Theses Master's

Chicago's Lakefront Park System: A Study of the Burnham Plan and Its Implementation

Radnis, Kellie Marie

Portions of Chicago’s lakefront have been reserved as public open space since the early nineteenth century.  Daniel Burnham, in his seminal 1909 Plan of Chicago, envisioned a lakefront park system that would encircle the city. He put great emphasis on the lakefront, stating that it should serve as a respite for the city’s hard working citizens. Over the years Chicago’s city officials and planners have taken the idea of a lakefront park system very seriously, and today twenty-six out of the city’s thirty miles of lakefront are public open space. However, since the creation of the first lakefront park in 1836 there has been substantial development adjacent to the lakefront: Lake Shore Drive has gone from a small pedestrian right-of-way to a multi-lane freeway, the city has created substantial public transit infrastructure, the population of Chicago has grown exponentially, and the built environment has changed dramatically. Chicago prides itself on its lakefront park system, but this thesis argues that the lakefront has not been treated as the crown jewel the city believes it is. This thesis examines current lakefront park usage and perceptions through existing spatial data, observational surveys and photographs, online survey responses, interviews with Park District officials, and three case studies.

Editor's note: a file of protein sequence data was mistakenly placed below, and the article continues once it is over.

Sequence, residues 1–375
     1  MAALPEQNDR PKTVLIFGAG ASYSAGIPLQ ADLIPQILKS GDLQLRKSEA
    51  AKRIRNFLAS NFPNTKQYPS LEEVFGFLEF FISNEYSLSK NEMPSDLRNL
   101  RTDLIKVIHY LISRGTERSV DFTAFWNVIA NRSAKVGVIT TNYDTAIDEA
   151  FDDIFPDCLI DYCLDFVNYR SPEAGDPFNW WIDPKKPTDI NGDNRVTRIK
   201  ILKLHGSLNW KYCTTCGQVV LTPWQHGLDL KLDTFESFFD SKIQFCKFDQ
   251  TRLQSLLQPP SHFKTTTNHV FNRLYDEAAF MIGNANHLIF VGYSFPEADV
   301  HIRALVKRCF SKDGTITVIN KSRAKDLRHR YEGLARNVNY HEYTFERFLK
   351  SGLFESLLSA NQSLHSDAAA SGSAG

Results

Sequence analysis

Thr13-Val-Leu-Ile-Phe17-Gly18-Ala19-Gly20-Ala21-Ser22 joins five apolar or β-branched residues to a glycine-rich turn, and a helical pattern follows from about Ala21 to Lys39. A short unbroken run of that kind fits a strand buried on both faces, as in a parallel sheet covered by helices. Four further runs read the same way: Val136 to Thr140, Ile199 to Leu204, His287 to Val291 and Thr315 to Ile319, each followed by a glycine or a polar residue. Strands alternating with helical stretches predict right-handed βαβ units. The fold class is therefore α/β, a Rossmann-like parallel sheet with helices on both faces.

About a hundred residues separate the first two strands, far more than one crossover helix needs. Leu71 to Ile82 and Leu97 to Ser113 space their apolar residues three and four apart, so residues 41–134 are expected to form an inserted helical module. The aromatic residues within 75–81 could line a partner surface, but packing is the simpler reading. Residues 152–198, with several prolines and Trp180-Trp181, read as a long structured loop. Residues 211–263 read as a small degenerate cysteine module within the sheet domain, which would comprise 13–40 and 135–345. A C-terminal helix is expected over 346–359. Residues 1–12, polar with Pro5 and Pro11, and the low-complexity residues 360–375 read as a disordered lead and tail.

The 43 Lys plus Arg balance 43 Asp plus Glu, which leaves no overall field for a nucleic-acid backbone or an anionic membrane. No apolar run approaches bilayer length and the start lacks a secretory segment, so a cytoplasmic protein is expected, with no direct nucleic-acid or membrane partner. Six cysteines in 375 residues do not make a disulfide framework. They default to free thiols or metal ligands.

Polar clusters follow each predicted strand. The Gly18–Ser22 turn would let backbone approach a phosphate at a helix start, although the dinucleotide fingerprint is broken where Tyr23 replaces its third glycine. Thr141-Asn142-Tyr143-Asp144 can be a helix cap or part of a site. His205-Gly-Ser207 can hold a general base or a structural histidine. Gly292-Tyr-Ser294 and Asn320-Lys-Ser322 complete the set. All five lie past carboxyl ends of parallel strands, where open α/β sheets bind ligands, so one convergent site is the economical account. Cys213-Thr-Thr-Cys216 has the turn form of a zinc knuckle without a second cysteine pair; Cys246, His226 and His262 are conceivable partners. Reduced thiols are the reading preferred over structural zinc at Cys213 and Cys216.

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More About This Work

Academic Units
Urban Planning
Thesis Advisors
Irazabal Zurita, Clara E.
M.S., Columbia University
Published Here
July 17, 2015